One of the effects of the 2008 financial crisis was to trigger a debate about the role played by excessive compensation packages in banking. Others have argued that the introduction of guaranteed minimum wages – which limits employer freedom over employees – should come with a maximum too. As wealth inequality has deepened in recent decades, there have been growing calls for measures to reduce this concentration, not least among some members of the global super-rich club. Yet there has been perilously little political action. Each year the world’s mega-rich, facing few constraints, carry on appropriating a larger share of national and global wealth pools.

Robeyns sets out a powerful moral case against today’s wealth divide and asks the all-important question: “how much is too much?”. She calls for setting limits to the size of individual fortunes that would vary across countries. In the case of the Netherlands, where she lives, “we should aim to create a society in which no one has more than €10m. There shouldn’t be any decamillionaires.” This, she argues should be politically imposed. She also adds a second aspirational goal, an appeal to a new voluntary moral code applied by individuals themselves: “I contend that … the ethical limit [on wealth] will be around 1 million pounds, dollars or euros per person.”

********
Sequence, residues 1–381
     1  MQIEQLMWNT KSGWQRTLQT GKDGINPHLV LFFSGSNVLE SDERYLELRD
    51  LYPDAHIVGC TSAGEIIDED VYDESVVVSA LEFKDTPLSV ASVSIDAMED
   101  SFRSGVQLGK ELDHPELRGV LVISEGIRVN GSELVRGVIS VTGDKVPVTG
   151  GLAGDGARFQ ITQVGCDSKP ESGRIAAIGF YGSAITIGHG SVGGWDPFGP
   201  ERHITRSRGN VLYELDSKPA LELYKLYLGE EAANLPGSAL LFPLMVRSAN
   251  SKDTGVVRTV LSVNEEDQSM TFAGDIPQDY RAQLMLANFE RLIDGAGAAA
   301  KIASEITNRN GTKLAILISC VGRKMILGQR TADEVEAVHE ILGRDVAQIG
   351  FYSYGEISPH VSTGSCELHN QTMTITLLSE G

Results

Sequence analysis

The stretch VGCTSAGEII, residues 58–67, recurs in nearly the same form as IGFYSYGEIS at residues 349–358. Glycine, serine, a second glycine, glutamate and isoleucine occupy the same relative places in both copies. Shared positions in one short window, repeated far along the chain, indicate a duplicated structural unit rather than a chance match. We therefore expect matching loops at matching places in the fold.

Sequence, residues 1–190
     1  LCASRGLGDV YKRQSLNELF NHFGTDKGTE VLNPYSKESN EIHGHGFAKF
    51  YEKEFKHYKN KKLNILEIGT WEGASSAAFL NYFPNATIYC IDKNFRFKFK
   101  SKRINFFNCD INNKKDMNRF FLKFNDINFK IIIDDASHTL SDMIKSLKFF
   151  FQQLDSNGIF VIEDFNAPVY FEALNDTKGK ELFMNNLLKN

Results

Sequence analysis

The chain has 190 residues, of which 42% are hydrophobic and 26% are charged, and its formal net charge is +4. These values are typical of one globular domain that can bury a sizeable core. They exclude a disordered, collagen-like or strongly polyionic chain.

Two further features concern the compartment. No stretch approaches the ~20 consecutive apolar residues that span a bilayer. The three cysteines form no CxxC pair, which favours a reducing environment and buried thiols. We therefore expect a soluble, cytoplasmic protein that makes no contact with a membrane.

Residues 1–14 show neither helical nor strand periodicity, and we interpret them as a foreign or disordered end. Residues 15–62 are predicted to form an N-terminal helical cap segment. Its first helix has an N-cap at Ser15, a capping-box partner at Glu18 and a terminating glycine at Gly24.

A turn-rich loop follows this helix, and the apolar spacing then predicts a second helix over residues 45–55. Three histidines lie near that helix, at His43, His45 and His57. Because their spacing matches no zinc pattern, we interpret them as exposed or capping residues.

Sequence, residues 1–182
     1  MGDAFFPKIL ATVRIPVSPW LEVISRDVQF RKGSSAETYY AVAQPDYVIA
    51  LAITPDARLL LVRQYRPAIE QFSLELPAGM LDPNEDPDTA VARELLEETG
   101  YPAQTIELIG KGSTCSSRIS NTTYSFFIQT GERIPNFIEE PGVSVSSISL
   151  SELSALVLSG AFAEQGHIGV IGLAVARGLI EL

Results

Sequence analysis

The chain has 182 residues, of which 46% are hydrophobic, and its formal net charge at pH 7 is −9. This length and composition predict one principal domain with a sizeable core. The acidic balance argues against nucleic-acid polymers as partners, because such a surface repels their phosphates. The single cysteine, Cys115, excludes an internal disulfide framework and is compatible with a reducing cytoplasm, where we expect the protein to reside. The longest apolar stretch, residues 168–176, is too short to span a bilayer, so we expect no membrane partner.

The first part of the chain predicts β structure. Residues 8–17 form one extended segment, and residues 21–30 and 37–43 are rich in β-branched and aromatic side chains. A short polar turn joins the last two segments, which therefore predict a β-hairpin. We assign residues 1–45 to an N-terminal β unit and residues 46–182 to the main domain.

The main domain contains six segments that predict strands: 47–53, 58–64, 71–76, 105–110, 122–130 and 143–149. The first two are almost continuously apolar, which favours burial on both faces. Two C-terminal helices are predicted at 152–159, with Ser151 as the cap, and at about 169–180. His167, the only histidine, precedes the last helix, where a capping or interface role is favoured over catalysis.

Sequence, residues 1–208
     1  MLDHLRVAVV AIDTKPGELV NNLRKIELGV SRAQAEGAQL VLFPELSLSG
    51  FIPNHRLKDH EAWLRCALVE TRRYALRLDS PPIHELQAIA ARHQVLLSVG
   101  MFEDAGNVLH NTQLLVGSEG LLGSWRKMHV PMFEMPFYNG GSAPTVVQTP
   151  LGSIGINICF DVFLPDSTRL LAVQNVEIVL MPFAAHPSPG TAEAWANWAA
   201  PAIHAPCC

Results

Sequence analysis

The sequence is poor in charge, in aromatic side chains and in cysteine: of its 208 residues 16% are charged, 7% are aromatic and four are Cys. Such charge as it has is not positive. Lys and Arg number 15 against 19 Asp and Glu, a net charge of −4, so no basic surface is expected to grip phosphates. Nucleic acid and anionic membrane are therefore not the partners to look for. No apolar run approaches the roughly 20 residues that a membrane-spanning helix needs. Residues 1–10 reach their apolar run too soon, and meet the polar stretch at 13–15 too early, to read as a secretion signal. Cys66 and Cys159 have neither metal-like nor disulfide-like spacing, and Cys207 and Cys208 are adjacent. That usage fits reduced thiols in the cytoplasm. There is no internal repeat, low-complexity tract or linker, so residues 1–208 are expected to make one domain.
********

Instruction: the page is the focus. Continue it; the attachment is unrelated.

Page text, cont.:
Although there are many critics who dismiss the philosophical concept as either unfeasible or undesirable, history suggests the idea is far from utopian. Limits operated pretty effectively among nations – including the UK and the US – in the post-war decades and became an important instrument in the move towards greater equality.

War has long proved a powerful equalising force, and the post-1945 decades brought peak egalitarianism.

War has long proved a powerful equalising force, and the post-1945 decades brought peak egalitarianism. States shifted from their pre-war pro-inequality role to become agents of equality. This brought (albeit temporary) upward pressure on the lowest incomes and downward pressure on the highest. These limits operated in two ways: through regulation and taxation, and changes in cultural norms. Nations imposed highly progressive tax systems, with especially high tax rates at the top – that were sustained in the UK until the 1980s – the expansion of protective welfare states, and a shift in bargaining power from the boardroom to the workforce.